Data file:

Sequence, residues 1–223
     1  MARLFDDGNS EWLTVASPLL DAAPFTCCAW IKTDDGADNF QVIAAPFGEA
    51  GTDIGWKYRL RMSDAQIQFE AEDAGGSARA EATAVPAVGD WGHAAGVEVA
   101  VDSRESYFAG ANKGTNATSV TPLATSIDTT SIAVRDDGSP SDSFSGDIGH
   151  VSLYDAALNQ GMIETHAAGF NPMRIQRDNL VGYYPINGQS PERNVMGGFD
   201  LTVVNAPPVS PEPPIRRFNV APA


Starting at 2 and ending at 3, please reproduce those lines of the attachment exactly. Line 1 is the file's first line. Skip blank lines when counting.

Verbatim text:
     1  MARLFDDGNS EWLTVASPLL DAAPFTCCAW IKTDDGADNF QVIAAPFGEA
    51  GTDIGWKYRL RMSDAQIQFE AEDAGGSARA EATAVPAVGD WGHAAGVEVA